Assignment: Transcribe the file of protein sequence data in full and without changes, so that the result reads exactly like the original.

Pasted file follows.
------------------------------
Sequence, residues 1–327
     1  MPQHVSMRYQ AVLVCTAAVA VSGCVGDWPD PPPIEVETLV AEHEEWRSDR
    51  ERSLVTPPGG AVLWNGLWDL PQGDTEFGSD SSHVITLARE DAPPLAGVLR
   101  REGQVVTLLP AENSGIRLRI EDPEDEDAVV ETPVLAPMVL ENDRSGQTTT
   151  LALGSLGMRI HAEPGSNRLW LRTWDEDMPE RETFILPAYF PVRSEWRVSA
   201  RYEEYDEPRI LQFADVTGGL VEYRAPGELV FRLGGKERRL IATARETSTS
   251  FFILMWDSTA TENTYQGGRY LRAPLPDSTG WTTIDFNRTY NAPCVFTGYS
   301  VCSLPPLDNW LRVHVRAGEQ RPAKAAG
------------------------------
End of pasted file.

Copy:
Sequence, residues 1–327
     1  MPQHVSMRYQ AVLVCTAAVA VSGCVGDWPD PPPIEVETLV AEHEEWRSDR
    51  ERSLVTPPGG AVLWNGLWDL PQGDTEFGSD SSHVITLARE DAPPLAGVLR
   101  REGQVVTLLP AENSGIRLRI EDPEDEDAVV ETPVLAPMVL ENDRSGQTTT
   151  LALGSLGMRI HAEPGSNRLW LRTWDEDMPE RETFILPAYF PVRSEWRVSA
   201  RYEEYDEPRI LQFADVTGGL VEYRAPGELV FRLGGKERRL IATARETSTS
   251  FFILMWDSTA TENTYQGGRY LRAPLPDSTG WTTIDFNRTY NAPCVFTGYS
   301  VCSLPPLDNW LRVHVRAGEQ RPAKAAG